ZeniMax QA workers successfully form recognized union

zenimax union workers united microsoft

Over 300 workers vote in favor of unionization

The QA department of ZeniMax Media has voted in favor of establishing a union within its office walls. Some 306 workers within the company’s U.S. gaming division sought unionization within a recently held ballot, overseen by the Communication Workers of America (CWA).

ZeniMax Workers United has already been officially recognized by company owner Microsoft, following a deal made with the CWA in June 2022 where the union regulator offered their approval in regards to the Microsoft/Activision Blizzard acquisition in return for Microsoft on any proposed union action — And thus, MS offered no resistance and full cooperation regarding the ZeniMax team’s motion. The ZWU is now the largest union in the global games industry

Microsoft has lived up to its commitment to its workers and let them decide for themselves whether they want a union,” said CWA president Chris Shelton in a statement to CNN. “Other video game and tech giants have made a conscious choice to attack, undermine, and demoralize their own employees when they join together to form a union. Microsoft is charting a different course which will strengthen its corporate culture and ability to serve its customers and should serve as a model for the industry and as a blueprint for regulators.”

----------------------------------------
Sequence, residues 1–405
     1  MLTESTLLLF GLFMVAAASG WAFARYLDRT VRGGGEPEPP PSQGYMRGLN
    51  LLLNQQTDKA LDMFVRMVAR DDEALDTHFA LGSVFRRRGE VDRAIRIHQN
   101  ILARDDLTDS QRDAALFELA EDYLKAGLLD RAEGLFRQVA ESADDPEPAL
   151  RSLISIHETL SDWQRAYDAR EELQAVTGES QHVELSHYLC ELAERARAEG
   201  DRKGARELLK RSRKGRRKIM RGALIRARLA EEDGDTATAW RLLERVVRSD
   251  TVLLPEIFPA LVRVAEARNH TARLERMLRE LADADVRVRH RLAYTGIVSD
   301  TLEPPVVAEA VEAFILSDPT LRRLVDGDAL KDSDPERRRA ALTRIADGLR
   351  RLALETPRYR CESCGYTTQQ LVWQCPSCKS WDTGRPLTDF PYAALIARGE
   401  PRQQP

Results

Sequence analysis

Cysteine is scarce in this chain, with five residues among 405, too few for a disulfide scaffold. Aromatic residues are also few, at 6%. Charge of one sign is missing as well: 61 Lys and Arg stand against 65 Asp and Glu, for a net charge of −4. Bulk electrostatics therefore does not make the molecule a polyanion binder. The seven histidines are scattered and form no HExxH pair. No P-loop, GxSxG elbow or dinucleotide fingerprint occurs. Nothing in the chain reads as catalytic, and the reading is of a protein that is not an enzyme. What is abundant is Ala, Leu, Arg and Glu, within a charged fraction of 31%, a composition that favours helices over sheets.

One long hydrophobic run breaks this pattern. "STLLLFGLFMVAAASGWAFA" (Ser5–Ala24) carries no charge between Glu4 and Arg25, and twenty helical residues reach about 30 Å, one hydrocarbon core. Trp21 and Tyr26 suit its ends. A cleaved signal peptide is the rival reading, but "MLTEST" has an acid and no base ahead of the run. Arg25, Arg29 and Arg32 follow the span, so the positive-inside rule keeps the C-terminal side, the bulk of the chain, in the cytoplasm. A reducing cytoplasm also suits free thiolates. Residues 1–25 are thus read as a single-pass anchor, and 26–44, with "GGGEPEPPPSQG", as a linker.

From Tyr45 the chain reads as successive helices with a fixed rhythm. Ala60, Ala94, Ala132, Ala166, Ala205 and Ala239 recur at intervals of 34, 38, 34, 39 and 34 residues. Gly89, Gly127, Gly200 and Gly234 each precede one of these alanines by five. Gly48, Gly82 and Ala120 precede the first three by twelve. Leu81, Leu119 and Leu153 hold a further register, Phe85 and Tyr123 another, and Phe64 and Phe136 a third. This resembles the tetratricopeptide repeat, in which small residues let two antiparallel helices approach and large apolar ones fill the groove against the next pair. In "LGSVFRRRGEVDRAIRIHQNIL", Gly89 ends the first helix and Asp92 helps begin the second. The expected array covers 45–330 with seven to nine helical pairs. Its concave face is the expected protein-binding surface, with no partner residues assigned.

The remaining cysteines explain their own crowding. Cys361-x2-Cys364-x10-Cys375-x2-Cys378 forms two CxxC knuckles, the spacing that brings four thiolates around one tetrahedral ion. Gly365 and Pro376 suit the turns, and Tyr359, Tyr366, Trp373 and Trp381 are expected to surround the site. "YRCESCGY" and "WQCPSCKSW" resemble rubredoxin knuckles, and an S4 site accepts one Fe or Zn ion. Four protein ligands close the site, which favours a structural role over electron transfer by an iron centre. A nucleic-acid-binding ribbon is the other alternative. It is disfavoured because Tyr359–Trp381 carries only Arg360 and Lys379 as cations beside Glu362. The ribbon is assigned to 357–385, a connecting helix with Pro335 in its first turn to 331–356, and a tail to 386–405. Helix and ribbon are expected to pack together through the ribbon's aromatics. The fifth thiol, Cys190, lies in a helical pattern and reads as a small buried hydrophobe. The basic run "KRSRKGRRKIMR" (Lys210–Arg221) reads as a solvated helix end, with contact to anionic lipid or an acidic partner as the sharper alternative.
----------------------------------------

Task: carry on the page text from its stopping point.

“In light of the results of the recent unionization vote, we recognize the Communications Workers of America as the bargaining representative for the Quality Assurance employees at ZeniMax,” said a Microsoft spokesperson of the vote. “We look forward to engaging in good faith negotiations as we work towards a collective bargaining agreement.”

Zenimax Workers United is the third union to form within a AAA developer within the past 12 months. Back in late-November, Blizzard Albany’s QA department voted to unionize, despite constant blowback from Blizzard management. And in May 2022, Raven Software’s QA department also sought unionization, eventually forming the Game Workers Alliance. Other studios, such as recent Activision acquisition Proletariat, have also stated their intention to launch union bids.

Good job, folks. Let’s keep the ball rolling.

Chris Moyse
Senior Editor - Chris has been playing video games since the 1980s. Former Saturday Night Slam Master. Graduated from Galaxy High with honors. Twitter: @ChrisxMoyse